Albrecht Dürer (German, Nuremberg 1471–1528 Nuremberg)
Sheet: 16 x 11 7/8 in. (40.6 x 30.2 cm)
Gift of Georgiana W. Sargent, in memory of John Osborne Sargent, 1924
Not on view
Dürer elevated the medium of woodcut to an unprecedented level of technical virtuosity. In Samson Rending the Lion, he achieved striking pictorial effects that vie with those created in contemporary engravings. Remarkable gradations of tone were realized in the lion's mane—all the more amazing if one considers that each tapered black line in the print was formed in the woodblock by chipping away the wood on either side of the intended line. Such expert and self-assured handling is particularly characteristic of Dürer's early woodcuts, dating to the 1490s. A print engraved about twenty years earlier by Israel van Meckenem served as the source for Dürer's powerful depiction of the Old Testament hero who, "suddenly seized" by the spirit of God, "tore the lion to pieces as if it were a kid" (Judges 14:6). The weaponless Samson is here shown on the lion's back, one foot pressed into its neck as he forces open its mouth.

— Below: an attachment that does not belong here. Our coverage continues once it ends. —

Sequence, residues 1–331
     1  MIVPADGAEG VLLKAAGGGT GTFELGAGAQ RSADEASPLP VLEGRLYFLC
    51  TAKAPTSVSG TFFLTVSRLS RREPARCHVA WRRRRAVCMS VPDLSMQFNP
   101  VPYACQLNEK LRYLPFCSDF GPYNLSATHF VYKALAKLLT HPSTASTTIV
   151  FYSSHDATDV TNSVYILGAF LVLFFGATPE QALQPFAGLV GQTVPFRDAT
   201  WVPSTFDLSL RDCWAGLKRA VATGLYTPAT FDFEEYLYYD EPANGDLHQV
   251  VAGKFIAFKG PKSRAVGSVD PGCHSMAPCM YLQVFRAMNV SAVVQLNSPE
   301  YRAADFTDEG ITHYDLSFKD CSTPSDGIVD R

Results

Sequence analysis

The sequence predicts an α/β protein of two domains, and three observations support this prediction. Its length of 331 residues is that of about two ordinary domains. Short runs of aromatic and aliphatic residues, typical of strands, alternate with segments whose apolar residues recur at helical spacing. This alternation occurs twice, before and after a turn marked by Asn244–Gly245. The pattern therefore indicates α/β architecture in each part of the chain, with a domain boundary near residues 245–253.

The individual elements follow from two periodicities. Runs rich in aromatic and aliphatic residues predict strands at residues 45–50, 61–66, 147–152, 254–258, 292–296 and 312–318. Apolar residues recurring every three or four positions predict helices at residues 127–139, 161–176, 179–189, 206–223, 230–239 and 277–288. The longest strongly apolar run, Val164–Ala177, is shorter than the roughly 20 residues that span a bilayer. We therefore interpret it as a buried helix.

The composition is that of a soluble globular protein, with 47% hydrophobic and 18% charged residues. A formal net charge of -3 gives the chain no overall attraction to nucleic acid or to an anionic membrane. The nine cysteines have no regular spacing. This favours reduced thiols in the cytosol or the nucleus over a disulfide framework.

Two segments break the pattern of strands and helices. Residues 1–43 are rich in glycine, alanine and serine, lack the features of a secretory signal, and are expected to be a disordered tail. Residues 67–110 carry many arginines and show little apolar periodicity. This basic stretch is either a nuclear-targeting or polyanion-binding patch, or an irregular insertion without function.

Georgiana W. Sargent; Donor: Georgiana W. Sargent
The Metropolitan Museum of Art. "The Print in the North," May 06, 1997 - July 13, 1997.
The Metropolitan Museum of Art. "Drawings and Prints: Selections from the Permanent Collection," October 25, 1993 - February 14, 1994.
Hollstein VII 107
Suzanne Boorsch, Nadine Orenstein "The Print in the North: The Age of Albrecht Durer and Lucas van Leyden." The Metropolitan Museum of Art Bulletin. The Metropolitan Museum of Art, vol. 54, no. 4, Spring 1997, p. 25.